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  • Writer's pictureSuzie Anne

Dairy Farming 101: A Birdseye View of the U.S. Dairy Industry

The dairy industry has been a big part of US history since the time when people quit milking their own cows. Since that time, dairy farms have provided delicious nutrients for countless generations. While farmers no longer milk their herds by hand, the process is still labor intensive and time consuming. So, what has changed now that farmers aren’t tied down with hand-milking their cows?
The biggest change is herd size. Now that each cow is milked using a machine, the size of the herd can grow. The current average herd size is 260 cows, though there is a wide range with some farms still at 60 cows and others in the thousands. The average pounds of milk each cow produces has also increased, with a yearly average of 23,948 pounds per cow in 2021, compared to 17,185 pounds per cow in 1998. This increase in milk production has also resulted in a lower total number of cows in the US. What hasn’t changed, though, is that the majority of farms, 97% according to the USDA, are still family owned. The percentage of each breed in the US dairy population has also not changed much.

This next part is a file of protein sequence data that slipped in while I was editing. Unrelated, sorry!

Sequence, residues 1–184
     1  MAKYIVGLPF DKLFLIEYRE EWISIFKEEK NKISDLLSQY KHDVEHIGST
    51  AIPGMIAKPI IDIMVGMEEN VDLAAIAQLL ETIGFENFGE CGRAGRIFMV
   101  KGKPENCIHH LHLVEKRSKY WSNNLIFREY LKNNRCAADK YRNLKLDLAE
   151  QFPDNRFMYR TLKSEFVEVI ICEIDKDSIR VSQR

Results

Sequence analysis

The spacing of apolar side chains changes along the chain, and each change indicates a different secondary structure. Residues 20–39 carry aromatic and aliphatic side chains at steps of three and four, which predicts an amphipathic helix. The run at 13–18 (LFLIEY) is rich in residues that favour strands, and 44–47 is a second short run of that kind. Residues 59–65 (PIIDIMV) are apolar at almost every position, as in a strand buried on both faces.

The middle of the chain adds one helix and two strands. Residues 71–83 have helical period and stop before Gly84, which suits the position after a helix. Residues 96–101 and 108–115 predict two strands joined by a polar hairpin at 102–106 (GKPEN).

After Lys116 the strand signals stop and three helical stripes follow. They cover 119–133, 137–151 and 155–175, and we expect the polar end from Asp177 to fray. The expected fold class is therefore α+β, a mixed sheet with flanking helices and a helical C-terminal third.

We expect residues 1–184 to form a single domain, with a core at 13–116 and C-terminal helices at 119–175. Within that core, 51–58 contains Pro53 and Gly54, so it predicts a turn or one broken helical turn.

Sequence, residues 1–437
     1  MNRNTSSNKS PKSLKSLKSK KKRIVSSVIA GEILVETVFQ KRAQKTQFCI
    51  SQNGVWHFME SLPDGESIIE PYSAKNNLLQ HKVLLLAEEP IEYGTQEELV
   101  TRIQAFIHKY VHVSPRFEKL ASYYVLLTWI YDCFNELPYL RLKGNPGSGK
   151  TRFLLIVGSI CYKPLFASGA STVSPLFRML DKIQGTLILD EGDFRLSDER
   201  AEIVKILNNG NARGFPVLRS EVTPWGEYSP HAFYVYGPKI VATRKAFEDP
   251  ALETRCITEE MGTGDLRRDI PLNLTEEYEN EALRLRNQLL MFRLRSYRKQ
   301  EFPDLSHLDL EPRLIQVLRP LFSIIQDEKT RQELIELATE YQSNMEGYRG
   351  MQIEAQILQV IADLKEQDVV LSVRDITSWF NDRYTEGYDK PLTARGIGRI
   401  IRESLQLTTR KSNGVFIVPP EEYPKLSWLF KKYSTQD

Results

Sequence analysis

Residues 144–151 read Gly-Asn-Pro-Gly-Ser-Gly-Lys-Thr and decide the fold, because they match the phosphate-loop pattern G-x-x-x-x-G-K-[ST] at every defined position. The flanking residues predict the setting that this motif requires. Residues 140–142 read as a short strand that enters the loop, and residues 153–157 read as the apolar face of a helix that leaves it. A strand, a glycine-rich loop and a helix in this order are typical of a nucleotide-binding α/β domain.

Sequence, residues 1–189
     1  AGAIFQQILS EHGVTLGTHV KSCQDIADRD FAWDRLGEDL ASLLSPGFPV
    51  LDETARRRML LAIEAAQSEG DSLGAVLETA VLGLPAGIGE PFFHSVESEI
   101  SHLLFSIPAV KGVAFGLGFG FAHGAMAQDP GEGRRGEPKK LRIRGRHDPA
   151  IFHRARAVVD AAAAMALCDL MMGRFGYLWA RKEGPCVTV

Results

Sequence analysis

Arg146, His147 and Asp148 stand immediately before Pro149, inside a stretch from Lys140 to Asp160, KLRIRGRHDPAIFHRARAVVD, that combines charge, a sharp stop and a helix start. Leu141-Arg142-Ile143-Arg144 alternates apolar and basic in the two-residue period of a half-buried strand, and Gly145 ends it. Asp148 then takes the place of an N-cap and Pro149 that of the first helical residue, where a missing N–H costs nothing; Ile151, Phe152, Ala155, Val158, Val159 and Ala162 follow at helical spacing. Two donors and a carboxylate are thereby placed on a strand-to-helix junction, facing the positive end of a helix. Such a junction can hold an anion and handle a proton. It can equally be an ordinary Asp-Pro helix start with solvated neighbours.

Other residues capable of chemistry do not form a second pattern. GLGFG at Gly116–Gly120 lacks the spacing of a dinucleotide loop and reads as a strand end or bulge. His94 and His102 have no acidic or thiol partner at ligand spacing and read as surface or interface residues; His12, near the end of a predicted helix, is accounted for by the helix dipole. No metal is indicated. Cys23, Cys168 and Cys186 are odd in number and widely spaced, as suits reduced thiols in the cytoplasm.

Holsteins are the most common dairy breed in the US, with Jerseys being the second most populous. Holsteins have remained the queens of the dairy world for many years due to their unsurpassed ability to produce milk in large quantities. However, the industry is beginning to move towards crossbred animals, instead of purebreds, to reclaim some of the traits, i.e. butterfat and protein, that have been lost in the singular pursuit of producing the greatest volume of milk. Jerseys are one of the top choice for several reasons, the main one being they provide the high protein and butterfat content Holsteins give-up in producing greater volumes of milk.
This concludes a fast-paced flyover of the US dairy industry, though there is so much more to cover as this only touches the basics. Links to the resources utilized in writing this are provided below. Future posts will dive more in-depth into various topics about dairy farming. Be sure to post any questions, thoughts, or topic ideas below!

Have a moo-velous day, and keep magic in the mundane!


Links:
https://www.ers.usda.gov/data-products/dairy-data -- Download titled “U.S. milk production and related data (quarterly and annual)

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